He ran his fingers through his greasy mullet and then headed back to his armchair.

Brenda threw the screwed up sock at the door.


Even before the town’s clock tower chimed in the working day, Brenda in her best black power suit was being led through the black wood and chromed themed showroom of the local Husband Dealership. Jack followed, dragging his feet, snarling at the brand-new husband models, posing on the stage.

Susie, Head of Sales, in her doctor-style coat and white plastic gloves, escorted Brenda to the sterile-looking consultation room. Brenda wished she had lean legs to wear mini skirts and maybe Jack would have been more attentive. They would probably be sleeping in the same bed.

Brenda took a deep breath as she took a seat next to the glass-top desk. Only a Victorian typewriter cluttered the desk, along with a completed Rubik’s Cube. She bought Jack one, once. It never made it out of the packaging.

“I heard about the Marriage Scrappage Scheme-”

“Oh yes. We’ll see if your husband is eligible,” Susie said, feeding a piece of paper into the typewriter.  “Jack, you’ll need to go the servicing area.”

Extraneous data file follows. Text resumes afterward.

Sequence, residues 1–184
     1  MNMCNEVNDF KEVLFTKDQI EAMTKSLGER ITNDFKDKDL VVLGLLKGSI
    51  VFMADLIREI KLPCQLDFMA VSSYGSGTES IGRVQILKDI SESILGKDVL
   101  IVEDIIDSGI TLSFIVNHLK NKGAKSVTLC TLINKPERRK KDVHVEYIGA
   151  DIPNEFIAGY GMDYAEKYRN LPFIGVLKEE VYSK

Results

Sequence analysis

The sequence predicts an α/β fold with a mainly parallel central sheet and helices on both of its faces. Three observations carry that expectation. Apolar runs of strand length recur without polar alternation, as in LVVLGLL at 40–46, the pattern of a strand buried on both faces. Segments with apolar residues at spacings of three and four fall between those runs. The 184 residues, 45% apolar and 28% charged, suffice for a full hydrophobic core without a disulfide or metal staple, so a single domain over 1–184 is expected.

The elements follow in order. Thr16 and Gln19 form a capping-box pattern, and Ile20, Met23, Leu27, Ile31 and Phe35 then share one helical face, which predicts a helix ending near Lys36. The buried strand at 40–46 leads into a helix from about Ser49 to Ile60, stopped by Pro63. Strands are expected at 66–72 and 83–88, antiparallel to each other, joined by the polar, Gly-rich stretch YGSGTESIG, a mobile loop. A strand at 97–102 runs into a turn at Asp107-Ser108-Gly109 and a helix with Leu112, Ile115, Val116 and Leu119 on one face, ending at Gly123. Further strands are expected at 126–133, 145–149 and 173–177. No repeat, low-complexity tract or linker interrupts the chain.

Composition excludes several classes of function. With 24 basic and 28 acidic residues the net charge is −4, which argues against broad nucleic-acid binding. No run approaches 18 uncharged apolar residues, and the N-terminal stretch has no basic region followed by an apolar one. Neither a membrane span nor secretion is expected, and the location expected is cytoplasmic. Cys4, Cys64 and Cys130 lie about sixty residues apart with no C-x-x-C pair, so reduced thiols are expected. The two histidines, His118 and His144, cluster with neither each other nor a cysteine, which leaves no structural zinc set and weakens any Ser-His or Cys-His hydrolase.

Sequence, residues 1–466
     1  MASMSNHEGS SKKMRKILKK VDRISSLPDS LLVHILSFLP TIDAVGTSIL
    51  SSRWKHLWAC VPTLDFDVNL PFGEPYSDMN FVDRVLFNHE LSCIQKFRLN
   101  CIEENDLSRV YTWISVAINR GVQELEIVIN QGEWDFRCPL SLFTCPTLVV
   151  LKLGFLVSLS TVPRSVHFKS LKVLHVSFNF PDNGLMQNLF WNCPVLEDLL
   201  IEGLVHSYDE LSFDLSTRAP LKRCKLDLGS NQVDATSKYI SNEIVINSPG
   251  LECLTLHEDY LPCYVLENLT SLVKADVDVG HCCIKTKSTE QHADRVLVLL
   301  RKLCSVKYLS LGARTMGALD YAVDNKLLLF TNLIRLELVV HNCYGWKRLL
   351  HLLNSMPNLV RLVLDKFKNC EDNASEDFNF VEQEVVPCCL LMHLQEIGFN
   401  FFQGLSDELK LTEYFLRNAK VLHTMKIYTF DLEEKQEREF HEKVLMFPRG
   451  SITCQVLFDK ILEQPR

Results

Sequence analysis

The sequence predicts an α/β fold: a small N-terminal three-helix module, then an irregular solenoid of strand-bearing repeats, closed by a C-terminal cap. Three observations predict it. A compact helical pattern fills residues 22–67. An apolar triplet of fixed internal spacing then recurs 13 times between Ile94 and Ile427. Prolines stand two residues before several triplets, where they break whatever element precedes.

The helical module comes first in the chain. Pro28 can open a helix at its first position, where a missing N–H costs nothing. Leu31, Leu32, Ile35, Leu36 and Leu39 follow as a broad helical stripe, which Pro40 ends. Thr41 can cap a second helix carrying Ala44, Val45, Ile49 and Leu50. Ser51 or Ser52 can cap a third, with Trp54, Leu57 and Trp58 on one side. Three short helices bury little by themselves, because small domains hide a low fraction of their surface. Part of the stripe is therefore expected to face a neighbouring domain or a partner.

Jack continued reading his magazine.

Jack,” Brenda said, trying to get his attention.

“Alright woman, stop nagging me,” he said, tucking the magazine under his arm and headed out of the door.

“Please don’t hold that against him. It’s because he has such good concentration,” Brenda said, twisting the handle of her handbag around her fingers.

“Get yourself a coffee from the vending machine. I’ll Service Jack and then we can see if we can get you a new husband,” Susie said.

She wasn’t interested in picking out a younger husband. She could hear the shrill voices of her neighbours, calling her a ‘cradle snatcher.’ She planned on heading to the upper floors and hunting for a bargain in the second-hand section. Brenda found Jack on one of the upper floors twenty years ago, around the time of The Beatles. She really thought she could change him from his sofa hugging habits. The salesman convinced her that a project would be good for a young lady. He even kissed the back of her hand to seal the deal.

For the first year, Jack went grocery shopping with her, sat quietly in the hairdressers while she got a perm and he also went swimming with her too. It all started to go wrong when Brenda had the third miscarriage. Dinner times, once full of chat were now filled with the sounds of the clinking knives on plates. Then his parents died, followed shortly by her parents. He moved to the spare room around the same time. He said it was insomnia. But whenever Brenda put her head around the door, when she got up for her usual late night coco, he was snoring away.